By Associated Press 5:01pm, December 5, 2013 - Updated 11:01am, December 6, 2013
Giant photographs of former South African President Nelson Mandela are displayed in Cape Town, South Africa. (AP Photo/File)Nelson Mandela has died. The former boxer, lawyer and freedom fighter renounced violence and became the one of the world's most beloved statesmen.
Mandela, who was 95, emerged from prison to negotiate a peaceful end to white minority rule. He was later elected president of South Africa.
His death was announced by South African President Jacob Zuma, who said "we've lost our greatest son."
Obama mourns death of icon Nelson Mandela
President Obama says the world has lost an influential, courageous and `profoundly good' man with the death of anti-apartheid icon Nelson Mandela.
Obama says Mandela "no longer belongs to us. He belongs to the ages." Mandela died Thursday at the age of 95.
Speaking from the White House, Obama said he was one of the countless millions around the world who was influenced by Mandela.
Obama met with Mandela's family earlier this year when he visited South Africa. But he did not meet with the ailing leader, who was hospitalized throughout the U.S. president's visit.
UN chief calls Mandela `a giant for justice'
Secretary-General Ban Ki-moon says Nelson Mandela was "a giant for justice" whose "selfless struggle for human dignity, equality and freedom" inspired many people around the world.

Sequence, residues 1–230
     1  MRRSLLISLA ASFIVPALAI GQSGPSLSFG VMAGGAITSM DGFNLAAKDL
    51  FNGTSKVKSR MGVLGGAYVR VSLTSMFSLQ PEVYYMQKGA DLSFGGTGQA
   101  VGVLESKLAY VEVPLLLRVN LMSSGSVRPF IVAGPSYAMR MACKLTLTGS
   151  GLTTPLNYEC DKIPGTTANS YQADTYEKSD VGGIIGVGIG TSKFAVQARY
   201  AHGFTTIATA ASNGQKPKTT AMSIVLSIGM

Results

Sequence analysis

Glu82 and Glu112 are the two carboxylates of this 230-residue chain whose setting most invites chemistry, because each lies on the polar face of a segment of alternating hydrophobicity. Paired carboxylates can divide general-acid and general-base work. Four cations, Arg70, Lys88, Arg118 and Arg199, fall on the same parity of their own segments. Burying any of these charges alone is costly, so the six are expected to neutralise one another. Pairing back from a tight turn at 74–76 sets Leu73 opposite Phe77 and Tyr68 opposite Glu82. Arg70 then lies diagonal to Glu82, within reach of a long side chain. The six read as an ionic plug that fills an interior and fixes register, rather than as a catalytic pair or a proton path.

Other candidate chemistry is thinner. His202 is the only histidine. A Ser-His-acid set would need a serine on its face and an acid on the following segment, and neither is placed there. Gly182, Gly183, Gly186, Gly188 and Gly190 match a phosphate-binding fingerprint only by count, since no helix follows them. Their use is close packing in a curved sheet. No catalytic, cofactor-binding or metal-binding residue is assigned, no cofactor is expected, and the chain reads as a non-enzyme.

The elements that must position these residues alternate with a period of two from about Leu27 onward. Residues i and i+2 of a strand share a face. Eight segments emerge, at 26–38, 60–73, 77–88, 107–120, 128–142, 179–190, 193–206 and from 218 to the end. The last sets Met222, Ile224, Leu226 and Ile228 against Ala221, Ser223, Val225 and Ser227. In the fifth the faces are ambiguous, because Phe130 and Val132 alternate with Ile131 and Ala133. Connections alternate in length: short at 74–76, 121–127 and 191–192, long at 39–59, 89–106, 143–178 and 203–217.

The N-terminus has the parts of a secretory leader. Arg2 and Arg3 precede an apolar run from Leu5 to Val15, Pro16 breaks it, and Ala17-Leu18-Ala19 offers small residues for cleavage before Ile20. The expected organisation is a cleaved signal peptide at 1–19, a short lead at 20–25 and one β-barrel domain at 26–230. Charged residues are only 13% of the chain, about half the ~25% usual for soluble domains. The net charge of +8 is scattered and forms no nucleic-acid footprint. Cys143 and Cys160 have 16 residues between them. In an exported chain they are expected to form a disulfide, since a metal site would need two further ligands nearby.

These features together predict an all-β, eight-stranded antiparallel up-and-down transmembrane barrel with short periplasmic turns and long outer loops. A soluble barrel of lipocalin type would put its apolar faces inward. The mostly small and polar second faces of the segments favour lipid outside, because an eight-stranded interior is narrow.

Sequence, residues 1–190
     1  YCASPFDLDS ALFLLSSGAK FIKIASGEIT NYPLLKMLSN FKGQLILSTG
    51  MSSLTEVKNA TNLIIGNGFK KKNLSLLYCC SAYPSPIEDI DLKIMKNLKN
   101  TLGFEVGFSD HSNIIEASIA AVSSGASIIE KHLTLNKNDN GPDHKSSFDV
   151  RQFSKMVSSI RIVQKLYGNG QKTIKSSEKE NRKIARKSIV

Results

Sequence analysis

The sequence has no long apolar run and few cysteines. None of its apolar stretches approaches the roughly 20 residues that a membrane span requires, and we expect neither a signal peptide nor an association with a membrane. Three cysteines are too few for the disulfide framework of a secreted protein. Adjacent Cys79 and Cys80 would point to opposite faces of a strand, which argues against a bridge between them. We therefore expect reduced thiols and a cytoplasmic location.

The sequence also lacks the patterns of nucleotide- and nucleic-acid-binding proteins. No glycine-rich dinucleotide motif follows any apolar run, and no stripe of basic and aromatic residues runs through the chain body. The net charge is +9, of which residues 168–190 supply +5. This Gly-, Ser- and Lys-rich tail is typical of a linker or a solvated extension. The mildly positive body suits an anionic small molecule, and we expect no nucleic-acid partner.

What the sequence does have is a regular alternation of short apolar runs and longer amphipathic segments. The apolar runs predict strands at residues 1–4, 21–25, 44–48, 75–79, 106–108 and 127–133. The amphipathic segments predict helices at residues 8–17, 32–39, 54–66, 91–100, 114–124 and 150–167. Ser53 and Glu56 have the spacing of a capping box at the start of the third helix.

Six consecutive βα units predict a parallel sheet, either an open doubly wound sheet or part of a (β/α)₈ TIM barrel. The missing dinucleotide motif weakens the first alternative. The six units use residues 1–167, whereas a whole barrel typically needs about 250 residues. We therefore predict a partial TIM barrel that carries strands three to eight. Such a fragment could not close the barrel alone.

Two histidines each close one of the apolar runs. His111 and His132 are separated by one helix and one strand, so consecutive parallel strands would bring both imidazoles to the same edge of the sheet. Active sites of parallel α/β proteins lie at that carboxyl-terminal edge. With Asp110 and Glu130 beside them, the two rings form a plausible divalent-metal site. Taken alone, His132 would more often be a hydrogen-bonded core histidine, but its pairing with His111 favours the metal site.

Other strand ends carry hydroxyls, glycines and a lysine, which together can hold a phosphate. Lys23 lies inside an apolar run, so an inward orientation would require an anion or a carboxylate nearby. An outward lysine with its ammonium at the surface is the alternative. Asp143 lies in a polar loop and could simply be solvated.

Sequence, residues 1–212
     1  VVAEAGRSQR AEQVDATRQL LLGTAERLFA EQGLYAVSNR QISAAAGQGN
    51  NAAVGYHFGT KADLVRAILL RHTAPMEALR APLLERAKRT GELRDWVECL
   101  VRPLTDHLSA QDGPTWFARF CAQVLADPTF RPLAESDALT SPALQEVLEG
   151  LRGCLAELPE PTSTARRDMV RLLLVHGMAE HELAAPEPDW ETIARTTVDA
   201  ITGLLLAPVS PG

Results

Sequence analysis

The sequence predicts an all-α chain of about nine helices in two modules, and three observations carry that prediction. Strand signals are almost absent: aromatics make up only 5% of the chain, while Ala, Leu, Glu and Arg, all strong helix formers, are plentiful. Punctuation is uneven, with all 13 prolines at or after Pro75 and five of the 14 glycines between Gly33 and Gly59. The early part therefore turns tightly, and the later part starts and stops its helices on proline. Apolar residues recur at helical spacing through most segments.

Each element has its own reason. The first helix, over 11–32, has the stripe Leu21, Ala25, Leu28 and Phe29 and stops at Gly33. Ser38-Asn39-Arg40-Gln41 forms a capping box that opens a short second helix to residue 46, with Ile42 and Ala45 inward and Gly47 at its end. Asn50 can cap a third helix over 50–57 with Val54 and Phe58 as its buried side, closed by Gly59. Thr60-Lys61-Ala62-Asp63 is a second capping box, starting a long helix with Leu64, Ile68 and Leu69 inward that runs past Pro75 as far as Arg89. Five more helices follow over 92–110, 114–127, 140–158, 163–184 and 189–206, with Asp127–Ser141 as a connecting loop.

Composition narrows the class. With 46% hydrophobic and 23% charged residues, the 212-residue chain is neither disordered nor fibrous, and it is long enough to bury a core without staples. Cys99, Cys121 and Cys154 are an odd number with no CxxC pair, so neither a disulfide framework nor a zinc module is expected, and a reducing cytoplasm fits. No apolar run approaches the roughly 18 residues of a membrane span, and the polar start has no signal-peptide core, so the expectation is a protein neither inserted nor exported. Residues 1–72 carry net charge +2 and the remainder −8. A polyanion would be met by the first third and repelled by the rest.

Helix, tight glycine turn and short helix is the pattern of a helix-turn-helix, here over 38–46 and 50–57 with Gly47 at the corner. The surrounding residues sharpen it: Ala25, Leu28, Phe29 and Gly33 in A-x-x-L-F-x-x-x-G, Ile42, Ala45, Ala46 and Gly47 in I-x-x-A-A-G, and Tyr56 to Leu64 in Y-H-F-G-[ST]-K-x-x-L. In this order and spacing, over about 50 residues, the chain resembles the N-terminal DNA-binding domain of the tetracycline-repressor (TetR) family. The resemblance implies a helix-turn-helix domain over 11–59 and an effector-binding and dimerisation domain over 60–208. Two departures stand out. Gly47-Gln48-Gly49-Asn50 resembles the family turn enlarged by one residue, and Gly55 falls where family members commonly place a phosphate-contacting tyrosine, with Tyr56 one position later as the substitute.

"No one did more in our time to advance the values and aspirations of the United Nations," he told reporters soon after Mandela's death was announced Thursday.
"Nelson Mandela showed what is possible for our world, and within each one of us, if we believe a dream and work together for justice and humanity," Ban said. "Let us continue each day to be inspired by Nelson Mandela's lifelong example to keep working for a better and more just world."
The U.N. Security Council interrupted a meeting on the tribunals for former Yugoslavia and Rwanda and stood for a minute in silent tribute to Mandela.
Local politicians acknowledge Nelson Mandela's legacy
Senator Chris Coons, chairman of the Senate Foreign Relation Subcommittee on African Affairs, released a statement about the former South African president.
"President Mandela has several important legacies, things to teach all of us around the world. First, as someone who in his early years, was a fighter against colonialism and against the oppression of apartheid. He endured decades of oppression, of imprisonment, and yet was able when he was released from prison to reconcile with his former captors, his former oppressors and lead his country forward peacefully to reconciliation and democracy," said Coons.
Mayor Williams also issued a statement and offered his condolences to the Mandela family and people of South Africa.
Williams stated, "On his 'long walk to freedom', he displayed immeasurable courage and faith; served as a compelling example of grace and fortitude. Mr Mandela devoted his life to justice, equality, and freedom."
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